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I saw David Ratti's question about Yuri Gagarin's voyage on Vostak 1 and how it was considered orbital, and that it was considered the first.

I was wondering what constitutes one full trip around the Earth, it was only considered "orbital" because he reached a distance and speed where he could have stayed in "orbit" around the Earth.

How is one full Orbit of the Earth Measured?

Point of Reference from Earth or Point of Reference from a stationary orbit plotted around the Earth that is not affected by it's rotation?

I am probably using the wrong terminology, I apologize.

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    $\begingroup$ Obviously he did complete an orbit. Most of the comments in that other question are focused on what "orbital flight" means instead of what "an orbit" means. Gagarin orbited the Earth. $\endgroup$ – David Hammen Oct 9 '14 at 23:18
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    $\begingroup$ He went along the rotation of Earth, not against. $\endgroup$ – Anixx Oct 10 '14 at 14:53
  • $\begingroup$ I see that now. can I change the content of my question? I mean without changing the outlying question of How is one full Orbit of Earth Measured $\endgroup$ – Malachi Oct 10 '14 at 15:01
  • $\begingroup$ Answer this: "How long does it take a geosynchronous satellite, on station, to complete "one full Orbit of the Earth", and you've answered the OP's question... $\endgroup$ – DJohnM Oct 10 '14 at 16:39
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In the case of a Keplerian orbit, an orbit is a 360 degree change in true anomaly.

Suppose a spacecraft in low Earth orbit (LEO) passes directly over some point on the Earth. Where is that point relative to the spacecraft one orbit later? I'll use 90 minutes, or 1/16 days, as the orbital period for our spacecraft. The Earth rotates to the east by 22.5 degrees during that 90 minute orbit. Thus the point over which the spacecraft passed one orbit ago is now 22.5 degrees to the east of the spacecraft's sub-satellite point. Alternatively, the spacecraft ground track shifts 22.5 degrees to the west per orbit.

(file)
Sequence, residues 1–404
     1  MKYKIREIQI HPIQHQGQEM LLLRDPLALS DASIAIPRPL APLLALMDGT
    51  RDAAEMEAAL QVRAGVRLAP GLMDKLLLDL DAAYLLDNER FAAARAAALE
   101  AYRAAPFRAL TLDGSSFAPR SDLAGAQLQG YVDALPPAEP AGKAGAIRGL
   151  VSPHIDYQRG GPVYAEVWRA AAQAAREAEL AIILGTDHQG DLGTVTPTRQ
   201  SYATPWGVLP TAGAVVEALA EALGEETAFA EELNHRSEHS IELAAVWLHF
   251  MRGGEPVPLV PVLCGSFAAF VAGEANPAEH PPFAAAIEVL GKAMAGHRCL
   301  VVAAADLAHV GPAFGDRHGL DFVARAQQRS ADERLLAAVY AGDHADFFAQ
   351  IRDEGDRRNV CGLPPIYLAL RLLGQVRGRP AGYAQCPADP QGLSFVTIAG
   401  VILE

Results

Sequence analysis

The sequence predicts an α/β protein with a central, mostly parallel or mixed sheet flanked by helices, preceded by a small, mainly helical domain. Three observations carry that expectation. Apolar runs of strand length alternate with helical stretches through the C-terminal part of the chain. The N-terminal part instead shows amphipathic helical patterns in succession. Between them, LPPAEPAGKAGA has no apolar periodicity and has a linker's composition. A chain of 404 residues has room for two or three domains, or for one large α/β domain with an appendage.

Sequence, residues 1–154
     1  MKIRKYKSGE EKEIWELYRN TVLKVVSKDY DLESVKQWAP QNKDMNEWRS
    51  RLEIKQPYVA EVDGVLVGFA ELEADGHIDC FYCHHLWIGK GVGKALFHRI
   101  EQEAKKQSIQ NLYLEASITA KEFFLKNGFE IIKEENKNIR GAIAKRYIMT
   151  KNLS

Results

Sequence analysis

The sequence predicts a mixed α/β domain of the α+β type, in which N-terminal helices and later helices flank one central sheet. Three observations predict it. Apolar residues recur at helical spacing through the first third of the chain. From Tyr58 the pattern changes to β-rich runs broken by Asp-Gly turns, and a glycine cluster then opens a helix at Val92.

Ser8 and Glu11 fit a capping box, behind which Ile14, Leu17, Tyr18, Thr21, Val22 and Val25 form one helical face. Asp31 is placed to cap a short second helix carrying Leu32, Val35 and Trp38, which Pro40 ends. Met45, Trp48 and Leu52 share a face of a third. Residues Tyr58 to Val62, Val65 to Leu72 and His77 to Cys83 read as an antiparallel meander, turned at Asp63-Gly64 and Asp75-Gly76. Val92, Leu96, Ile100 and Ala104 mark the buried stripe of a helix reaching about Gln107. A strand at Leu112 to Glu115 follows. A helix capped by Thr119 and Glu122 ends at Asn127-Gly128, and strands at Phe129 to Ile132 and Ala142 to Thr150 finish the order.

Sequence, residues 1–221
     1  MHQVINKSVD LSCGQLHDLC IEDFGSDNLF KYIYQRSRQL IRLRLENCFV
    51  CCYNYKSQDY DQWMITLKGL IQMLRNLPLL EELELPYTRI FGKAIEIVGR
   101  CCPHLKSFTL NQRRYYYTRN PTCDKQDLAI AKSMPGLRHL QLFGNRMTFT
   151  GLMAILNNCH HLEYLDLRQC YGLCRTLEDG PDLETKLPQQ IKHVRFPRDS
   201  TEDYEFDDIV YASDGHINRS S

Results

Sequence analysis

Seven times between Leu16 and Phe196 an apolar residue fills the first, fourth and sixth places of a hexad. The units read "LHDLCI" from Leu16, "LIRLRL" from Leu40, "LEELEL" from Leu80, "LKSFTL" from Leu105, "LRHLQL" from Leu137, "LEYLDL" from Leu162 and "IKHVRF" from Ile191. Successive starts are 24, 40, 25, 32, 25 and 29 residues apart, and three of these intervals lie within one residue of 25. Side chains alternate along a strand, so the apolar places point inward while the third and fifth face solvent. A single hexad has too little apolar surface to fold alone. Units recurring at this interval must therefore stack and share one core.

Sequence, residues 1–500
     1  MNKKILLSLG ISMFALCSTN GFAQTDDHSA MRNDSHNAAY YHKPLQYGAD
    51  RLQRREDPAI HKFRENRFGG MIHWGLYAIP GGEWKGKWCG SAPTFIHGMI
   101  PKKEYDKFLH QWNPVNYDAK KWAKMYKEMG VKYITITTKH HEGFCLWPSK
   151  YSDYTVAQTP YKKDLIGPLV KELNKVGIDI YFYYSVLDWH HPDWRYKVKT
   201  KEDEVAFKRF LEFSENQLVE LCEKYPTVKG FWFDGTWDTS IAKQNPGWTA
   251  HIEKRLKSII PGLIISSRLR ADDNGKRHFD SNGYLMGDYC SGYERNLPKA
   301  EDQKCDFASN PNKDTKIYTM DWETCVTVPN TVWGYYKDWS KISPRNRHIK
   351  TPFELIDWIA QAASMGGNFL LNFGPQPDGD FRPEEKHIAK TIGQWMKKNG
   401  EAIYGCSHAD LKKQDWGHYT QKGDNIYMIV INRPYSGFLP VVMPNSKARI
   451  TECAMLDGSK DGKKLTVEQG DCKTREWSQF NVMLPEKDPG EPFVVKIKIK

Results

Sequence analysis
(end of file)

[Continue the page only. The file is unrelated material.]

To illustrate this, the image below portrays the ground track for the International Space Station over two orbits. This clearly depicts that the ground track shifts by about 22.5 degrees to the west per orbit.

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    $\begingroup$ Notably, this has no relation to the motion or surface of the body being orbited, so it doesn't matter how that appears vs surface coordinates. $\endgroup$ – Phil H Oct 10 '14 at 10:11
  • $\begingroup$ could you explain this a little better for me, my initial thought is the he went east, Earth rotated west, so he would have went less than 360 around Earth, is this true? (he = Yuri) $\endgroup$ – Malachi Oct 10 '14 at 13:15
  • $\begingroup$ The Earth rotates to the east, not the west. Suppose a spacecraft in low Earth orbit (LEO) passes directly over some point on the Earth. Where is that point relative to the spacecraft one orbit later? I'll use 90 minutes, or 1/16 days, as the orbital period for our spacecraft. The Earth rotates under the spacecraft by 22.5 degrees during that 90 minute orbit. Thus the point over which the spacecraft passed one orbit ago is now 22.5 degrees to the east of the spacecraft's sub-satellite point. Alternately, the spacecraft ground track has moved 22.5 degrees to the west. $\endgroup$ – David Hammen Oct 10 '14 at 14:01
  • $\begingroup$ I'll add the above to my answer. $\endgroup$ – David Hammen Oct 10 '14 at 14:05
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One approach is to consider the orbit in an inertial frame, disregarding the position with respect to the surface of the Earth (and the Earth's rotation). Then the period is $$ T = 2 \pi \sqrt{\frac{a^3}{\mu}} $$

Where $T$ is the period, $a$ is the semimajor axis and $\mu$ is the gravitational parameter (the universal gravitational constant multiplied by the mass of the central body).

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